Infographic: Cardlessness among young people up nearly 80 percent
By Kristin McGrath and Juan Rodriguez
All age groups are increasingly shedding credit cards, according to June 2013 data from FICO. Yet no age group is ditching them faster than young people.
Between October 2005 and October 2012, FICO tracked an increasing number of consumers who no longer had a credit card. Yet the percent of cardless 18-to-29-year-olds (16 percent) towers above that of any other age group. In fact, that 16 percent represents a 77 percent jump from 2005. The 30-to-39 crowd also saw a sizable (50 percent) jump between 2005 and 2012.
FICO attributes the trend partially to the CARD Act of 2009, which makes it much more difficult for consumers under 21 to get credit cards. Another factor at play, according to FICO, could be the recession, which made consumers as a whole -- and young people in particular -- wary of borrowing money.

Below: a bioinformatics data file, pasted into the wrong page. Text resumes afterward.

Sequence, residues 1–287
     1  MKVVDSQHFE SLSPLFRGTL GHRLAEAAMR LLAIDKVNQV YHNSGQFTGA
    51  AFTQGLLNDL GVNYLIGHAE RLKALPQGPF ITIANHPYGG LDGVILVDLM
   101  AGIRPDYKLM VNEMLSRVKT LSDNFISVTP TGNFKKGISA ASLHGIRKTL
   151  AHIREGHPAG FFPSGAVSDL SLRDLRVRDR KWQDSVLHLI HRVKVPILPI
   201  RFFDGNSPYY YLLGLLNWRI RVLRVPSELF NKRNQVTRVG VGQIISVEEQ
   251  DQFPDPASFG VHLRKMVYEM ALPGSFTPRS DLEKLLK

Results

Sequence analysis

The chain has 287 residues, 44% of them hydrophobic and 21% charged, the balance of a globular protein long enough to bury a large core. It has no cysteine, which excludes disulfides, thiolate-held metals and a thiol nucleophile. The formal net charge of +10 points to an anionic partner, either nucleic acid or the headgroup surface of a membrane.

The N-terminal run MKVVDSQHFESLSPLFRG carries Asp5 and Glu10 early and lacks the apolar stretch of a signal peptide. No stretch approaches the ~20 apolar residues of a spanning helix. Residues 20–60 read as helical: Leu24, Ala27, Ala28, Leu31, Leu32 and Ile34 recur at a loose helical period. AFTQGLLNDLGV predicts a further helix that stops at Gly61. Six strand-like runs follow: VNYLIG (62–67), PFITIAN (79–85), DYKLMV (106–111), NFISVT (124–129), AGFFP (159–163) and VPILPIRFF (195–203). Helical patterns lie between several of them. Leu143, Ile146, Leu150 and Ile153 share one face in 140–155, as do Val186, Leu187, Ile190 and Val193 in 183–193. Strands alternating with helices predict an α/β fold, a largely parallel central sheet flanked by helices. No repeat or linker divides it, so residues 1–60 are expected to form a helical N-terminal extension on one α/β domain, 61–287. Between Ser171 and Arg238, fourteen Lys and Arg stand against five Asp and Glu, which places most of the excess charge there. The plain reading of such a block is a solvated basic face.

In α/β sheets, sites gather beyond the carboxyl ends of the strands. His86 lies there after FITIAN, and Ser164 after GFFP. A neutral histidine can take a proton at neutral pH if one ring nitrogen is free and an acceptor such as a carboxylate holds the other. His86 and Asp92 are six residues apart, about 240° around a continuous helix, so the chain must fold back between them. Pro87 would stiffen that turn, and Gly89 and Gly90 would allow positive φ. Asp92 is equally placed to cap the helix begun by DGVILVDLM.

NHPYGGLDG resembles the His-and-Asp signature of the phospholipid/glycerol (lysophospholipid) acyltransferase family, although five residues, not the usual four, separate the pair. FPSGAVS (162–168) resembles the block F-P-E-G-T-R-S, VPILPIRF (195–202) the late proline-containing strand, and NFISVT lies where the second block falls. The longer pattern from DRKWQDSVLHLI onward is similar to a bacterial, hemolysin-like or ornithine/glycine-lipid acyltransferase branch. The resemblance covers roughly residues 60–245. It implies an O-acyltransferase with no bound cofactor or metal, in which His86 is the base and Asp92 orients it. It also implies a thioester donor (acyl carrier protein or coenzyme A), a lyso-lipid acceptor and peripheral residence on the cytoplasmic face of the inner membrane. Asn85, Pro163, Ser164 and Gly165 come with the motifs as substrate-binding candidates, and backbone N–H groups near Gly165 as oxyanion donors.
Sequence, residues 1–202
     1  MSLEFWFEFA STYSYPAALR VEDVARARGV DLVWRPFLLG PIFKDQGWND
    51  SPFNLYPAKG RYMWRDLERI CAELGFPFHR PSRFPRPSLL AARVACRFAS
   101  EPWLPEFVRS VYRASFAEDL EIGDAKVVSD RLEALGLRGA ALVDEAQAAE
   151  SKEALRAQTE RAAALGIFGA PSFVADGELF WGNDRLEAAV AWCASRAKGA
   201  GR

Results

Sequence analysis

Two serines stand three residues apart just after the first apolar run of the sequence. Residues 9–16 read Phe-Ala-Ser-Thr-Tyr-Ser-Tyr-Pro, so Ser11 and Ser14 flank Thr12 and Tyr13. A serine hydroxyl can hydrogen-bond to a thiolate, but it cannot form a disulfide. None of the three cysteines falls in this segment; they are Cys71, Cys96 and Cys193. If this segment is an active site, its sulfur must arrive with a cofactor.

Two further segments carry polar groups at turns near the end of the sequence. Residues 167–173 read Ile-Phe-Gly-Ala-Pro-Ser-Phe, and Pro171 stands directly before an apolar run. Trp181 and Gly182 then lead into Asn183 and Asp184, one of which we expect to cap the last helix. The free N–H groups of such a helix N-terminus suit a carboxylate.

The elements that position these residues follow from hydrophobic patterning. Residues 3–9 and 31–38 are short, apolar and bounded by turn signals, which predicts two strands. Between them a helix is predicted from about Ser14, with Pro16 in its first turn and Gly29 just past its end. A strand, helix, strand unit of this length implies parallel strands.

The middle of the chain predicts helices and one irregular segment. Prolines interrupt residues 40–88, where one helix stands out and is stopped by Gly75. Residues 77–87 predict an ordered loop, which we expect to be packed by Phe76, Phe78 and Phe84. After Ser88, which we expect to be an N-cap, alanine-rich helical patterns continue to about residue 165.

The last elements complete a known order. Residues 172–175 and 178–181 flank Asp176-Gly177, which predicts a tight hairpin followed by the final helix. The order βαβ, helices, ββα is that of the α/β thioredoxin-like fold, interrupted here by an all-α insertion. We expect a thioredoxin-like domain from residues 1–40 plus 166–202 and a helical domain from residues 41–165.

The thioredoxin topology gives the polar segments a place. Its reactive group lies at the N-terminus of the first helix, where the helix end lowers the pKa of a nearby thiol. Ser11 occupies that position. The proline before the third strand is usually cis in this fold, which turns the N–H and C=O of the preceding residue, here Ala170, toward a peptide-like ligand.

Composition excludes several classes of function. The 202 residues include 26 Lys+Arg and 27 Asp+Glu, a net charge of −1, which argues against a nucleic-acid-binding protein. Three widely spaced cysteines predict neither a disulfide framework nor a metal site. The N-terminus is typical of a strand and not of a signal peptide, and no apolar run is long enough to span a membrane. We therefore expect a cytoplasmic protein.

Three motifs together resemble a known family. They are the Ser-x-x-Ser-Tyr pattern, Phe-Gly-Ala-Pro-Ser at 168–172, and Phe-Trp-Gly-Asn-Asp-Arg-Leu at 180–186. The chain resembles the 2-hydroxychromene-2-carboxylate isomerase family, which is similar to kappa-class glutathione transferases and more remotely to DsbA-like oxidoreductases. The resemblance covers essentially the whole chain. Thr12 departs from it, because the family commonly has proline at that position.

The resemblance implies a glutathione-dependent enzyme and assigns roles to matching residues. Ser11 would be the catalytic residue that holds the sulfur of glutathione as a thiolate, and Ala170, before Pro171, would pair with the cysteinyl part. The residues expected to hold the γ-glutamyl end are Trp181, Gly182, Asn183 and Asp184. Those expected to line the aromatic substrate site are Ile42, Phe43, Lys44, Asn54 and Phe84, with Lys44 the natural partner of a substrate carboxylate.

The chart below shows (by age group) the percent of consumers without any credit cards between October 2005 and October 2012.
To use the graphic on your site, use the following code:
Published: September 9, 2013
- Young consumers most cautious about online payments – A survey shows that showing that young consumers are the most cautious when paying for their purchases ...
- Digital wallets: Merchants to pave the way for consumer acceptance – Despite security concerns, more Americans are willing to use digital wallets, if merchants oblige ...
- Infographic: Debit, credit cards still killing off checks – The Fed’s 2015 shows checks account for only 12 percent of U.S. noncash transactions compared to 16 percent in 2012 ...